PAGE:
Basque Country SOTAs: Aratz

I’ve recently returned from a few days in the Basque Country, which included a few summit excursions. Although I’m aware that I’m behind on writing up some of my other SOTA trips over the summer, I’ve decided to type up my notes on this recent trip first before I forget the detail.

Aratz EA2/VI-003 (6 points)

Having landed in Bilbao, Spain, I hired a car and drove for about 90 minutes to the car park which serves both Aratz (EA2/VI-003) and also Aitxuri (EA2/SS-001). The car park itself is located near the end of the GR-282 road at 42.9351, -2.3032. The GR-282 itself is a concrete road but perfectly decent to drive over.

From the car park, you head on the path through the trees and over the bridge. The path soon opens out to a wider area, but it is obvious and without any particular navigational challenges. Note only that at this point you are heading away from the summit – this is because the summit itself is above a steep cliff face, and so the path heads around the side in order to reach a shoulder where the access is easier.

At 42.9352, -2.3153 you reach the fascinating natural tunnel through the ridge which contains a chapel at the site of a former hermit’s dwelling, the San Adrian’s hermitage.

The tunnel at San Adrian’s hermitage
The hermitage chapel

Continue walking through the tunnel but be wary of where there are drips onto the well-worn cobbles – the stones were quite slippery in places.

After the tunnel continue on the main path and where the route splits follow the white and red paint markings to the left, signposted to Gazlaren Ibilbidea. This brings you to another fascinating feature of the walk – an intact Roman road taking you back into woodland.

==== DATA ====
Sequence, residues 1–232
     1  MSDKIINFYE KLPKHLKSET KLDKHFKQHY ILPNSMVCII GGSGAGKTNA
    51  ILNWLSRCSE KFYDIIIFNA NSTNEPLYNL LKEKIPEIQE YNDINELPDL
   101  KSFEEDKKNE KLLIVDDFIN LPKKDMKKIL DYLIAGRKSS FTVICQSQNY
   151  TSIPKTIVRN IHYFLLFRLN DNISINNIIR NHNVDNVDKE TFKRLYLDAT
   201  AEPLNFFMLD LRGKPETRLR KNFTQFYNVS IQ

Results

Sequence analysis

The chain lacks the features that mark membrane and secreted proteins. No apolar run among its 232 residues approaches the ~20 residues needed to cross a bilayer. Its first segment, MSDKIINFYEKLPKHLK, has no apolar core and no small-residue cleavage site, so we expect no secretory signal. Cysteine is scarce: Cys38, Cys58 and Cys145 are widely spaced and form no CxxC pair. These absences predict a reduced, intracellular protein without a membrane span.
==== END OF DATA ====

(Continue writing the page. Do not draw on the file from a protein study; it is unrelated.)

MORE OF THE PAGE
Looking back down the Roman road

Shortly after you’ve picked up the Roman road, watch for where the road bends around to the right and look for a small, muddy track through the trees straight ahead of you, marked with yellow dots of paint. This is the route to the summit of Aratz.

Once back out of the trees, you are almost at the summit. The path is narrow but it’s not near the edge and it felt perfectly safe. This final section is the steepest and there’s a misleading false summit to get over before you see the final destination, marked with a trig point.

The final ascent

Having reached the trig point, there is a fairly large area, though sloping, that’s within the SOTA activation zone where you can set up an antenna.

My antenna set up just below the trig point

On a clear day, the summit of Aratz would have a stunning view out to the Bay of Biscay to the North and across the plains of the Ebro valley to the South. As such, the radio takeoff was pretty impressive and I was pleased to make 13 contacts on 30m CW within about 10 minutes.

The ascent (about 580m vertically over 4.4km horizontally) took me 90 minutes and the descent would have taken a little less had I not stopped for lunch. This wasn’t a hard climb and was a very interesting walk.

I had originally planned to go on to EA2/SS-001, since the walk there only diverges from the path to Aratz after San Adrian’s hermitage. However, with a long drive into France still ahead of me and having started slightly later than I had hoped, I decided to head straight back to the car.

Total distance: 9667 m
Total climbing: 1026 m
Total time: 03:44:09